publication . Doctoral thesis . 2015

Play as Freedom : Implications for ICT4D

Ferreira, Pedro;
Open Access English
  • Published: 01 Jan 2015
  • Publisher: KTH, Medieteknik och interaktionsdesign, MID
  • Country: Sweden
Abstract
Information and Communication Tech nologies for Development (ICT4D) deals with understanding the relationship between modern technology use and social and economic development. While play may not appear as an immediate concern to the field, a recent body of work has emerged questioning the role of play in ICT4D and the reasons behind its apparent dismissal. Some have even argued that aspects of pleasure and enjoyment get only marginal treatment within academic studies of technology more generally. In ICT4D however, concerns over lack of resources and a sense of urgency in addressing more pressing needs, creates in itself an added set of boundaries which may furt...
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Context and method .................................................................... 5 1.2.1 Mobile Life Centre and the Re-mobiling project ................... 6 1.2.2 Ethnographic methods ......................................................... 8 1.2.3 Technology for Emerging Markets, Microsoft

Research India .............................................................. 9

Summary of papers ................................................................... 12 1.4.1 Paper I: Bodily Orientations Around Mobiles:

Lessons learnt in Vanuatu........................................... 12 1.4.2 Paper II: Appreciating plei-plei around mobiles:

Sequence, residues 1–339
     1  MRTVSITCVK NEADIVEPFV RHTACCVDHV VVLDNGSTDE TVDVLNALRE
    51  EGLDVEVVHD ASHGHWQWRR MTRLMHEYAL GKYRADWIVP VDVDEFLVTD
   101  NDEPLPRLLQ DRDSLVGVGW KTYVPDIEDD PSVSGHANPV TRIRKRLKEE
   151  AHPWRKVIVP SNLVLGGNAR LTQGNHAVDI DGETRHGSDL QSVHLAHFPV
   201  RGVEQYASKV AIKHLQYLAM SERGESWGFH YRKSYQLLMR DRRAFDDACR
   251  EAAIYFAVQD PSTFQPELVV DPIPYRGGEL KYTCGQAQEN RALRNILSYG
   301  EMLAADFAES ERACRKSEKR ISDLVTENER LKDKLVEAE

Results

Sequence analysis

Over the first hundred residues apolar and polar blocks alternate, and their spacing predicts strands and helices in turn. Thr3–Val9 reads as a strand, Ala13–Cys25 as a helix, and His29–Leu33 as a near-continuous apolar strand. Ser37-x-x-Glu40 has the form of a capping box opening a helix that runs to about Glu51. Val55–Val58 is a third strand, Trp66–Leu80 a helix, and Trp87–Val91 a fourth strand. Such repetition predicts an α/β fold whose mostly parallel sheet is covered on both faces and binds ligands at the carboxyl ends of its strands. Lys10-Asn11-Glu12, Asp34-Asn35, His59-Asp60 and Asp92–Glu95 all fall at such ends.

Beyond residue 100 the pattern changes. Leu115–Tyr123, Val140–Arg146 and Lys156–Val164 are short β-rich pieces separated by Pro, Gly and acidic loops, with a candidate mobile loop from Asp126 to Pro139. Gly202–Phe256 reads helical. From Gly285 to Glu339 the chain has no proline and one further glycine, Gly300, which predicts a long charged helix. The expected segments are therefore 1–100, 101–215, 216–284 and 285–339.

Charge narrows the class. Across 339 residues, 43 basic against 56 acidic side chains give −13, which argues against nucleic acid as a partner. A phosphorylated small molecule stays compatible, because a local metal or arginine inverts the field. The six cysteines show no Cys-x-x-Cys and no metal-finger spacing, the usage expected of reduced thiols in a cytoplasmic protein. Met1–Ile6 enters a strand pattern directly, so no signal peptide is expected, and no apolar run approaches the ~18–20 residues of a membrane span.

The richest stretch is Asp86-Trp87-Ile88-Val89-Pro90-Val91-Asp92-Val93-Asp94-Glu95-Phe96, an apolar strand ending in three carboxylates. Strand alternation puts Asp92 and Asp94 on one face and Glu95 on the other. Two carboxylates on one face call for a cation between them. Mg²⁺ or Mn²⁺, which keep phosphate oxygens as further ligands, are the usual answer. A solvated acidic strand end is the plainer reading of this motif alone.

Playfulness in Rah Island ............................................ 13 1.4.3 Paper III: Awareness, Transience and

Rah Island ................................................................... 14 1.4.4 Paper IV: KrishiPustak: A Social Networking

System for Low-Literate Farmers ................................ 15 1.4.5 Paper V: Designing Play in ICT4D:

Users ........................................................................... 16 1.5 Main related publications not included....................................... 17 Reading instructions .................................................................. 17

Boundary play ............................................................................ 64 5.3.1 Understanding personal use............................................... 64 5.3.2 Suggestions and long term usage ...................................... 66 5.3.3 Mediators as unexpected users.......................................... 67

Social and Informational Play..................................................... 48 4.2.1 Playing and information ...................................................... 49 4.2.2 Flirting and romantic encounters ........................................ 50 4.2.3 Working the boundaries...................................................... 52

Bodily play.................................................................................. 53 4.3.1 Exploring the network landscape........................................ 53 4.3.2 Superposition and boundary exploration ............................ 56 5.1 A rich mobile Social Networking experience for low-

literate rural users ................................................................ 59

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